‘Art Of Love’ Netflix Review: A Predictable And Baseless Story With Pretty Faces

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A beautiful cop from the art department in Interpol learns that her ex, a billionaire, is the art-thieving man she’s been looking for (“Thomas Crowne Affair” much?). You can tell what her plan is to catch the guy, and the rest follows. For a movie titled Art of Love, there actually isn’t much love in it. The chemistry is lacking, the plot is more action-packed, and at the end of the day, nothing really adds up except the twist, which is as predictable as your mother’s answer to “What’s for dinner?” This Turkish action-romance film falls flat on every count, and the only thing that kept me interested was the lead actress and her outfits. I suppose it’s meant to give you the thrill of watching a Bond film, but it feels like a cheap street knock-off. I mean, sure, the film is “inspired,” but there isn’t really anything original about it. It’s a tale as old as time. Man messes with Woman’s heart. Man leaves; woman moves on to making her life perfect without him when he shows up and tries to sweep her off her feet again. So, why Art of Love? Well, the billionaire Güney is stealing paintings that are all about love. Sigh. Whatever adrenaline-fueled action film you’re looking for, this isn’t it.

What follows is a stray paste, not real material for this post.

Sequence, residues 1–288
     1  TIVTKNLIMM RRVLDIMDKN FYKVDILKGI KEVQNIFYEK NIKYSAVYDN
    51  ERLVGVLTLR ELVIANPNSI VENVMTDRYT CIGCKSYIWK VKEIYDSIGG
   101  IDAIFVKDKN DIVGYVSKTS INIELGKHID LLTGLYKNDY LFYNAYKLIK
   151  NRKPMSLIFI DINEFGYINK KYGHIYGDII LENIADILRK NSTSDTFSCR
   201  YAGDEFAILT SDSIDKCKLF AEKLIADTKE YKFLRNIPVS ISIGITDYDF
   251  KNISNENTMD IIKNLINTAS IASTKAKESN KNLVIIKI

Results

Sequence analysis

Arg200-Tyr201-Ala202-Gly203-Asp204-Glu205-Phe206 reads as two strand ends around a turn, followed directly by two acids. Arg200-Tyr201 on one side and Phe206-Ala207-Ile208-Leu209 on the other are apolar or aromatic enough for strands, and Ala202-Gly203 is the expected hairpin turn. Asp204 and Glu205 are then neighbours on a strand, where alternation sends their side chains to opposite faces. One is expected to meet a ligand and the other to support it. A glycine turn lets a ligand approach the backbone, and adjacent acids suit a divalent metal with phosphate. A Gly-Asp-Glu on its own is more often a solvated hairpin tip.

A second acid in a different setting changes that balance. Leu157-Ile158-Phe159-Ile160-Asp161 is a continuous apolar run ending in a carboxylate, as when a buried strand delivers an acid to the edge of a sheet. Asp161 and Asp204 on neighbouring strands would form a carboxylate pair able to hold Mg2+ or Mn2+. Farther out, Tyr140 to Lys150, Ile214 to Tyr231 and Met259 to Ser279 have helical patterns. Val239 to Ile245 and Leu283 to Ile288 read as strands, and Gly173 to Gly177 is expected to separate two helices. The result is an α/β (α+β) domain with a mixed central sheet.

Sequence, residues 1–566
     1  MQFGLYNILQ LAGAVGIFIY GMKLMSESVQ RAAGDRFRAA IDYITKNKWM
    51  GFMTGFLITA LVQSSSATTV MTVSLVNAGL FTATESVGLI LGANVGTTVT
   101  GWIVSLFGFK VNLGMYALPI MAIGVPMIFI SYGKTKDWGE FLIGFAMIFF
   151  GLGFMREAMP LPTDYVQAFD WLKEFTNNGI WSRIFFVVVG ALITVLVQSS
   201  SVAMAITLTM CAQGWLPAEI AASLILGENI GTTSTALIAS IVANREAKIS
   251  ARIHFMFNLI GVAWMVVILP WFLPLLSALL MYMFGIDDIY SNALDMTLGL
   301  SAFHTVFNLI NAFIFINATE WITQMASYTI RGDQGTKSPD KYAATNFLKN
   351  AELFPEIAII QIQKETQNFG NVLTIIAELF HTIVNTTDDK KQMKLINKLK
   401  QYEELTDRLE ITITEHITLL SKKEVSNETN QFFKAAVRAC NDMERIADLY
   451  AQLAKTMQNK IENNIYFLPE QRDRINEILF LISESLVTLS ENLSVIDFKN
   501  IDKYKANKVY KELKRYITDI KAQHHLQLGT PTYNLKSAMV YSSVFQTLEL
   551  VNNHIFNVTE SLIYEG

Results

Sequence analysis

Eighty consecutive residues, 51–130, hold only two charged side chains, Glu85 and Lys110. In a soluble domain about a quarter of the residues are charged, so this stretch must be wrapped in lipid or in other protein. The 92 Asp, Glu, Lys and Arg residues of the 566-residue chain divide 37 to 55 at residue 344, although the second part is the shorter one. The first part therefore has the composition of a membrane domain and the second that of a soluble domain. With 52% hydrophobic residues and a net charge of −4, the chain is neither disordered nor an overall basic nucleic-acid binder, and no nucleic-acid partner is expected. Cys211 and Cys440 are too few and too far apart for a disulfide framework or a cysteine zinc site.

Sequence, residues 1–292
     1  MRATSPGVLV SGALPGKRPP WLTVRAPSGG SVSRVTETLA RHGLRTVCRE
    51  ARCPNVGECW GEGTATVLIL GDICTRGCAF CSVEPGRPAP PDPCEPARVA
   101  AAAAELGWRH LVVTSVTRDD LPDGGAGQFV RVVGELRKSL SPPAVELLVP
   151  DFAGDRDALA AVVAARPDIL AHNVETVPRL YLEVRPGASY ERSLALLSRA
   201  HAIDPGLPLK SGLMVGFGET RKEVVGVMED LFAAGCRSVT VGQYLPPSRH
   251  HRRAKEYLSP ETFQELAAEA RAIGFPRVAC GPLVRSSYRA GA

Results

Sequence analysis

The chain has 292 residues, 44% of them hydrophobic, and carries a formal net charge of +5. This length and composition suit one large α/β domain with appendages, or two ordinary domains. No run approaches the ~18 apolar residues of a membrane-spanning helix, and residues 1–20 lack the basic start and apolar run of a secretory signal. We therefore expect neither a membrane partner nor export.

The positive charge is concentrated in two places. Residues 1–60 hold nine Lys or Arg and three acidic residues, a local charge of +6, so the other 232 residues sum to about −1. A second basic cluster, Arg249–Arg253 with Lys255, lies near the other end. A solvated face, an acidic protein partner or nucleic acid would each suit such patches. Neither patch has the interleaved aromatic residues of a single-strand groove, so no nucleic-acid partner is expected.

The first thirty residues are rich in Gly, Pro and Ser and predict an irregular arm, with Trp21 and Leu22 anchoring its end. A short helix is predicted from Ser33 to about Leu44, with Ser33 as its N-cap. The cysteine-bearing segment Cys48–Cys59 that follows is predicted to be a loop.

I suppose if you’re looking for a “leave your brain behind” kind of film, this one will satisfy your needs. There are some pretty backdrops, nice outfits, and maybe one decent action sequence. The script as a whole, though, is completely senseless. If you do decide to take anything seriously, there’s a chance you’ll turn off your screen in about 5 minutes. When I talk about the Indian Kannada language film Sapata Sagaradaache Ello, I always talk about how, right at the start of the film, you somehow know that these two people have been in love for a really long time. Despite the film picking up from a later stage of their relationship, you can see that they’ve already fit with each other like perfect puzzle pieces. However, I can’t say the same about Art of Love, which tries desperately to make us believe that Alin and Güney used to be a couple. The series of events that follow after Alin realizes that it’s Güney who is the robber she’s looking for becomes even more disconcerting. If you’re only in it for the chase, I hate to disappoint you, but that’s also quite lackluster.